Cover image for Mapping Penny's world
Title:
Mapping Penny's world
Author:
Leedy, Loreen.
Personal Author:
Edition:
First edition.
Publication Information:
New York : Henry Holt, 2000.
Physical Description:
1 volume (unpaged) : color illustrations, color maps ; 29 cm
Summary:
After learning about maps in school, Lisa maps all the favorite places of her dog Penny.
Language:
English
Reading Level:
AD 640 Lexile.
Program Information:
Accelerated Reader AR LG 3.5 0.5 45147.

Reading Counts RC K-2 3.3 1 Quiz: 26754 Guided reading level: M.
ISBN:
9780805061789
Format :
Book

Available:*

Library
Call Number
Material Type
Home Location
Status
Orchard Park Library PIC BK Juvenile Fiction Picture Books
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Summary

Summary

"Penny likes to hide her toys and other stuff in the yard . . . . Maybe I'll make a map of Penny's hideouts."

Lisa's class is learning how to make maps. The teacher says they can make maps of anyplace, so Lisa starts with her bedroom. She includes all the things that people will need to read the map, such as a scale and a key to the symbols she has used. Her dog, Penny, helps with the map. This gives Lisa an idea. Why not map Penny's world? Making maps is so much fun that Lisa and Penny decide to visit some of the exotic places that they've drawn-but they won't forget to take a map along!

This engaging sequel to the best-selling Measuring Penny will delight teachers and students alike.


Author Notes

Loren Leedy is a children's author and illustrator. She was born in Wilmington, Delaware in 1959, and majored in art in college. She began making clay jewelry and chess sets out of whimsical animals, and eventually turned them into book characters. Her first published work was A Number of Dragons, in 1985. She has written and illustrated nearly 40 books since then. Her titles include: Missing Math: a Number Mystery, My Teacher is a Dinosaur, Seeing Symmetry, The Shocking Truth about Energy, Crazy Like a Fox: a Simile Story, Fraction Action, Blast off to Earth, and Postcards from Pluto.

(Bowker Author Biography)


Reviews 2

Booklist Review

Ages 4-7. Lisa and her pet boxer, Penny, familiar to many youngsters from Measuring Penny (1998) return, this time discovering maps. After learning in school about maps and their parts--the key and symbols, labels, scale, and more--Lisa applies her newfound mapmaking skills to Penny's world. She makes maps of her room (which Penny shares), her yard (full of Penny's hiding places), the neighborhood (and the routes Penny's dog friends use when they visit), and the local park. As Lisa creates her maps, she explains their function and the tools she uses, such as a pedometer. She also includes a three-dimensional, clay-and-cardboard map and many drawings. Young readers will enjoy both Leedy's cheerful pictures and the narrative about Lisa and her engaging dog as they explore a familiar world from an unfamiliar perspective. Great for inspiring children to map their own world, putting a ruler to everything in sight. --Catherine Andronik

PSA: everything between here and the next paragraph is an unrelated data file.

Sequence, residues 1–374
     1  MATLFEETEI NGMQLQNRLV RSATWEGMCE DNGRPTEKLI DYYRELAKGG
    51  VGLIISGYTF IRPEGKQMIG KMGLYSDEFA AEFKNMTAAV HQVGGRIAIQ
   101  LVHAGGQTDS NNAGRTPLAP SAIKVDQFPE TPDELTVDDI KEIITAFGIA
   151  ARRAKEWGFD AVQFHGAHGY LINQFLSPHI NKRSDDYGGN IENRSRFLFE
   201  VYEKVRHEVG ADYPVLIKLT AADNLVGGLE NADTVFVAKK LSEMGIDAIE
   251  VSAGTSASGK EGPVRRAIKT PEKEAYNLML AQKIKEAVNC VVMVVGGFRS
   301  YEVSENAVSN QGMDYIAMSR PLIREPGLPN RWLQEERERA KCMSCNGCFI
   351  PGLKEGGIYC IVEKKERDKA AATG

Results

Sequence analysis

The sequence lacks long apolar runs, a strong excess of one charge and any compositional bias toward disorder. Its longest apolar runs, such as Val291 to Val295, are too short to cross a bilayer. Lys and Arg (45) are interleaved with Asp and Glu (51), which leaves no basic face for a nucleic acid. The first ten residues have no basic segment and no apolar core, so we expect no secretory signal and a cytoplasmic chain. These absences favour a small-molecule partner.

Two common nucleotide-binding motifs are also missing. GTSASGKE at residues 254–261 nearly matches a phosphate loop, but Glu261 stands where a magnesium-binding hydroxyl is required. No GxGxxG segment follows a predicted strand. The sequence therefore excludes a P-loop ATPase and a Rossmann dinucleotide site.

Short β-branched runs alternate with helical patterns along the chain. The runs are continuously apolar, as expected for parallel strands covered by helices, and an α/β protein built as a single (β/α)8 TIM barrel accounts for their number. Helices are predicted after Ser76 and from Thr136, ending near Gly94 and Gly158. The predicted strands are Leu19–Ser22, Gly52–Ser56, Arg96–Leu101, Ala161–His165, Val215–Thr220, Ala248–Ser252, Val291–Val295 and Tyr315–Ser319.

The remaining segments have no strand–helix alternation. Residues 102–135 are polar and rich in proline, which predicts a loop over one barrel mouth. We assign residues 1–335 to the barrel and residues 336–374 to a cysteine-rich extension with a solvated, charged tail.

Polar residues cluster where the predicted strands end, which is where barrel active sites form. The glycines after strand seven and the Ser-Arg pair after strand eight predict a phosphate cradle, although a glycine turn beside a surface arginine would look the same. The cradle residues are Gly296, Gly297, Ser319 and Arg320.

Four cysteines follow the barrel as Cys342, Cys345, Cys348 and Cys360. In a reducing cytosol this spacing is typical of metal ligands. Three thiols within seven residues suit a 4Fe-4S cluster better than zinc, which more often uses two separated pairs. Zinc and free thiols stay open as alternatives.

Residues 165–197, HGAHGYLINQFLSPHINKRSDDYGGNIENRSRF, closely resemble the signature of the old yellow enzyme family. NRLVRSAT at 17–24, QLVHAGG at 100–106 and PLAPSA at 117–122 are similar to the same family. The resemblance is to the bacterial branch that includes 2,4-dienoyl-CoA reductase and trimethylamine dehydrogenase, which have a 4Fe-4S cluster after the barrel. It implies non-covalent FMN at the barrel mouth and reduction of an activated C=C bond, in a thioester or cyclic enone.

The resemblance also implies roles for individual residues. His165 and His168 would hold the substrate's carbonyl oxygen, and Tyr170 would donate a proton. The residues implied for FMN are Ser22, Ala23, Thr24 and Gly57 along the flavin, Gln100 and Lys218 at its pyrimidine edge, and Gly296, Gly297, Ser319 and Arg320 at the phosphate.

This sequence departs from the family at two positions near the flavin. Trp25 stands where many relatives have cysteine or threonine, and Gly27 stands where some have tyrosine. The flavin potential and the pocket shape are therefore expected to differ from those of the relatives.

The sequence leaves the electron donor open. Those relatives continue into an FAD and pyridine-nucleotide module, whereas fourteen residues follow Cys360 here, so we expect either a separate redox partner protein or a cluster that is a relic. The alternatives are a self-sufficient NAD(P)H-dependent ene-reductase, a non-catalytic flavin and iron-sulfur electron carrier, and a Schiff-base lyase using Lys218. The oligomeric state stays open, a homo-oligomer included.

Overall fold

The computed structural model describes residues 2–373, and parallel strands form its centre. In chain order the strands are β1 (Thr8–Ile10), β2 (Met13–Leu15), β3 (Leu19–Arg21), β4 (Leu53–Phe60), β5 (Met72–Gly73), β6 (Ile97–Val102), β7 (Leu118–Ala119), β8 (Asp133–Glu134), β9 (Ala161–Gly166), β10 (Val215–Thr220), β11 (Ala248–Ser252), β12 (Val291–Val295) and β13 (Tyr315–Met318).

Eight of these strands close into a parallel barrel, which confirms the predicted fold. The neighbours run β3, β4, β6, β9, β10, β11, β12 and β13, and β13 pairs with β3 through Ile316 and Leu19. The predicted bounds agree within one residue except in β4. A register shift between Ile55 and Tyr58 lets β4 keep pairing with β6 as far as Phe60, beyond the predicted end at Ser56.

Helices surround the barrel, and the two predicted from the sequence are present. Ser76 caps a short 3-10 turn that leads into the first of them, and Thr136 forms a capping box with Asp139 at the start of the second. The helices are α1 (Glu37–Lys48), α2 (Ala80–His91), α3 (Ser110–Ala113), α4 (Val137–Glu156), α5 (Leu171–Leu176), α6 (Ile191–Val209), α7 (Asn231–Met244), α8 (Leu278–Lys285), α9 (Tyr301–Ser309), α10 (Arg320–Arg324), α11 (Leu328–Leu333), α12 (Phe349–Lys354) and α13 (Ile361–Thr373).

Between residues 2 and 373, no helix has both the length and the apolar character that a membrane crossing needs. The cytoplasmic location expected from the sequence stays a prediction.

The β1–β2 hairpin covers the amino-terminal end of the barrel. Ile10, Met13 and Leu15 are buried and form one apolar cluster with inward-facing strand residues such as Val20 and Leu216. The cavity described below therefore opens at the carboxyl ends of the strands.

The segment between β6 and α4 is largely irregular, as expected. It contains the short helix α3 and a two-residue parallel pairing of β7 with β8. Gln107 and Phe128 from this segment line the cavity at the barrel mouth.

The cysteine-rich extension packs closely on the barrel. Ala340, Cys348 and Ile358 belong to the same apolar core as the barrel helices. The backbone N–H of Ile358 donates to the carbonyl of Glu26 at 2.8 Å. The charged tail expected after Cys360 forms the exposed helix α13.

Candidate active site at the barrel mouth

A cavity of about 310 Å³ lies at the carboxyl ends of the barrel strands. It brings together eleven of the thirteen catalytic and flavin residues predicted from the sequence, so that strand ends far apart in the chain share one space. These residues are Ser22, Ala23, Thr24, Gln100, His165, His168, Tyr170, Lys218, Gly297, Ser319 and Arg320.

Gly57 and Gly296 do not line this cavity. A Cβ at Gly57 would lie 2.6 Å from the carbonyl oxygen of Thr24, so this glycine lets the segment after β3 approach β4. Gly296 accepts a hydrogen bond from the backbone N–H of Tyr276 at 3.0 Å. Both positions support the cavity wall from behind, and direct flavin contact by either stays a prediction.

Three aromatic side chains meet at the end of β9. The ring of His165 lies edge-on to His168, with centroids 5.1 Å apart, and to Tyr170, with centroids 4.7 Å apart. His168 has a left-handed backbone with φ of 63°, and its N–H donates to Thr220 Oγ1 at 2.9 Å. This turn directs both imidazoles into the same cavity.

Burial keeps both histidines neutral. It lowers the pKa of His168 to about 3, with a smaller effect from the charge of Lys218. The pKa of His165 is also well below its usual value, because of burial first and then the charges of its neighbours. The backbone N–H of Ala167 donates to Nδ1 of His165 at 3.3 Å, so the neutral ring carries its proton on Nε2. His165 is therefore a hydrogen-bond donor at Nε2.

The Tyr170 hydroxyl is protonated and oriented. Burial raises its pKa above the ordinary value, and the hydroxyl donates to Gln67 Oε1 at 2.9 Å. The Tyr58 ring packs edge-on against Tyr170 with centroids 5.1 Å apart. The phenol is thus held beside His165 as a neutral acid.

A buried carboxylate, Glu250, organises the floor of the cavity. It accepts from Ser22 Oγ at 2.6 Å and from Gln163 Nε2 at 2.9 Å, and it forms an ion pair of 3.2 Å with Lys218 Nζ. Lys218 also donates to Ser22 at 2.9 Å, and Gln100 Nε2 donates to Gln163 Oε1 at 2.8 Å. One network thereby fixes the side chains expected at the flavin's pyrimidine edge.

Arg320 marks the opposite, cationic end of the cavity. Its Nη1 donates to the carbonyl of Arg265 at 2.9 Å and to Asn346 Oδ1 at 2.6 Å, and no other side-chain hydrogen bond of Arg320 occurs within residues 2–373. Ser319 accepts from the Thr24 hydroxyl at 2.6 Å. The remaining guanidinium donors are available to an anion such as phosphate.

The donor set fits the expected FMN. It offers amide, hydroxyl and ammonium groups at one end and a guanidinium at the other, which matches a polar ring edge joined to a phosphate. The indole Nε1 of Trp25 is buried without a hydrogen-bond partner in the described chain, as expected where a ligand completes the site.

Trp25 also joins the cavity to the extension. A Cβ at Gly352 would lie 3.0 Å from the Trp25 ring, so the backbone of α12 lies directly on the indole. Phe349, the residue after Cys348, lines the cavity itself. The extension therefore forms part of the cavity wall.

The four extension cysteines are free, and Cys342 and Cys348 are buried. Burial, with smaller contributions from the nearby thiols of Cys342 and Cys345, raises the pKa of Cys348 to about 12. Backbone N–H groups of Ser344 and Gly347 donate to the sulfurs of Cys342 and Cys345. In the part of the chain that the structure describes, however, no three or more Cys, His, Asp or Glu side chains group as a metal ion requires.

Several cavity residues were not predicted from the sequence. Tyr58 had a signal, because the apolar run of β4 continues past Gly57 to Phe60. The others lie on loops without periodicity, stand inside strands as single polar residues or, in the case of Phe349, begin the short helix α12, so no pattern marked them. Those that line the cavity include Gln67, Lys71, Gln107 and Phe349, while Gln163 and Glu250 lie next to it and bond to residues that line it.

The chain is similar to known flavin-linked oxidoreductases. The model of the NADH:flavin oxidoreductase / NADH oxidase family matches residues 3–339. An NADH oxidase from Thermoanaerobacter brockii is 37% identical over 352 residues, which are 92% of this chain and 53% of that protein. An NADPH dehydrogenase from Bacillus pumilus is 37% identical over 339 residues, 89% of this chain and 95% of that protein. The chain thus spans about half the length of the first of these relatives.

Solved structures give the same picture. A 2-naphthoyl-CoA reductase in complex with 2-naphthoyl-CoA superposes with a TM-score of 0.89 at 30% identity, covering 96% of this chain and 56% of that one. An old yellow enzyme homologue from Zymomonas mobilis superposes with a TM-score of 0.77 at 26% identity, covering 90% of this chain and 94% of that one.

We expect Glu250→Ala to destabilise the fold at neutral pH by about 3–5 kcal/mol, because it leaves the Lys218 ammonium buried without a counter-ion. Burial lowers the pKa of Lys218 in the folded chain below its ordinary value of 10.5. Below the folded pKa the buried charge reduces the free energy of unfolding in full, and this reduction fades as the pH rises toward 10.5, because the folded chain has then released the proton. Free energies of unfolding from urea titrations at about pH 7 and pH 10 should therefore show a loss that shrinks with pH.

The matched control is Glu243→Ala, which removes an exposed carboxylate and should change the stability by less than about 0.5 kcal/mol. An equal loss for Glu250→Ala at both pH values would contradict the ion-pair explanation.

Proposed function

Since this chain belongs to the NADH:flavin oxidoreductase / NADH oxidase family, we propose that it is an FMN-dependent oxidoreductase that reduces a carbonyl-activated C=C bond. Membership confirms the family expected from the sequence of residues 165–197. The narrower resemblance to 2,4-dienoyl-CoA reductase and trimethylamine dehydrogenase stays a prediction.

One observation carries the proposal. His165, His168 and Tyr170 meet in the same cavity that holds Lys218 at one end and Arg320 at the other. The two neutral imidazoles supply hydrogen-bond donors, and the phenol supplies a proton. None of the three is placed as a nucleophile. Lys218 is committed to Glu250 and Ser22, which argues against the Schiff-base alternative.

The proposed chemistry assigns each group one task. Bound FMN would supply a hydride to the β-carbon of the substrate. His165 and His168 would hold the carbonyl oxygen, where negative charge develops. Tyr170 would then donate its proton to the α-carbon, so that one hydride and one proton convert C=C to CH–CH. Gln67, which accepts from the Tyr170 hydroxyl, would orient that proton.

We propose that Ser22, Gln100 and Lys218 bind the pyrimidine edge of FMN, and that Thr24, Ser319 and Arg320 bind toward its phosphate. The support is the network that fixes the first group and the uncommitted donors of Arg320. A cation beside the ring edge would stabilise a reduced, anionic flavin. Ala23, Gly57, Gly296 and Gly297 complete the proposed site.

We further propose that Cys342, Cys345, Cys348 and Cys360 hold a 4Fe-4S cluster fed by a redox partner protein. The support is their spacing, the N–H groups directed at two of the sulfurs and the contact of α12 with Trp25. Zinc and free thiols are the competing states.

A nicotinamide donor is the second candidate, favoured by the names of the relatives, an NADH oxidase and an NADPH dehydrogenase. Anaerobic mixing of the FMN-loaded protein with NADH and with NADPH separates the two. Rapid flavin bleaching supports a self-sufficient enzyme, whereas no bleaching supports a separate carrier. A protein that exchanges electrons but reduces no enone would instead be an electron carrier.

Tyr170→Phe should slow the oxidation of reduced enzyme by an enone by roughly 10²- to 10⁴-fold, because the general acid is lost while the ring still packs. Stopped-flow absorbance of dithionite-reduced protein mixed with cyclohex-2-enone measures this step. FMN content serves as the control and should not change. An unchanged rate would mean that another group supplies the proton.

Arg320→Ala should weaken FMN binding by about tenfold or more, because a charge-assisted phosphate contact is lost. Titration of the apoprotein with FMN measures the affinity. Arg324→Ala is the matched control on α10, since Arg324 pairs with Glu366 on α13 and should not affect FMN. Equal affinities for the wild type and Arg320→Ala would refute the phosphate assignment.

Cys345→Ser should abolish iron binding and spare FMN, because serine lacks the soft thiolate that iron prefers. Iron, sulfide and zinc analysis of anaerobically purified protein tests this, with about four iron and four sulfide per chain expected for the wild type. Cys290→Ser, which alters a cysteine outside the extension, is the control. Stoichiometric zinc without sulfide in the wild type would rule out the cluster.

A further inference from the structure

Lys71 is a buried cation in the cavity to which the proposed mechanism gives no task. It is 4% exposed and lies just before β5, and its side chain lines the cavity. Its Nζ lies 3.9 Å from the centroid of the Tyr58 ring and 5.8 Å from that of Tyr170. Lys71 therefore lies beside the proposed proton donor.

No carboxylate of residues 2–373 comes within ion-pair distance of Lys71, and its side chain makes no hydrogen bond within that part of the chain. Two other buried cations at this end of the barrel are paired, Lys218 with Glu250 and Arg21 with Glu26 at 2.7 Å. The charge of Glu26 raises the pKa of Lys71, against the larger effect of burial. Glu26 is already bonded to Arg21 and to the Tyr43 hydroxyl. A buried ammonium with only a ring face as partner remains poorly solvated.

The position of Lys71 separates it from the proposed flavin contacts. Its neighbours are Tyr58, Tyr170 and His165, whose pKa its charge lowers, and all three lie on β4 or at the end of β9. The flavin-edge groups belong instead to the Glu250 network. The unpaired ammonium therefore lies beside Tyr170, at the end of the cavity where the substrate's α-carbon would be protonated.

School Library Journal Review

Gr 1-3-Lisa and her dog from Measuring Penny (Holt, 1998) are back. Since the girl's class is learning about maps, she decides to draw one of her bedroom and then makes a few for her Boston terrier. These maps show where the pet has hidden her toys and treats, the best route for a neighboring animal to take to their house, biking and hiking trails (Penny rides in the bike basket), and a 3-D map of places where the pup likes to play. Lisa explains terms such as "key," "scale," and "symbol," and introduces tools such as pedometers and odometers. The concepts are clear, and the digital-painting and photo-collage illustrations are uncluttered and ably clarify the text. However, one illustration of Penny looking through a fish tank superimposed on a picture of Lisa's room might be confusing to some young readers. While the animal seems less a fully realized pet than a device for introducing maps, readers will enjoy traveling with this duo and learn much in the process. Libraries will welcome this as a complement to other books that introduce spatial concepts such as Gail Hartman's As the Crow Flies (Aladdin, 1993) and Joan Sweeney's Me on the Map (Crown, 1996).-Louise L. Sherman, formerly at Anna C. Scott School, Leonia, NJ (c) Copyright 2010. Library Journals LLC, a wholly owned subsidiary of Media Source, Inc. No redistribution permitted.


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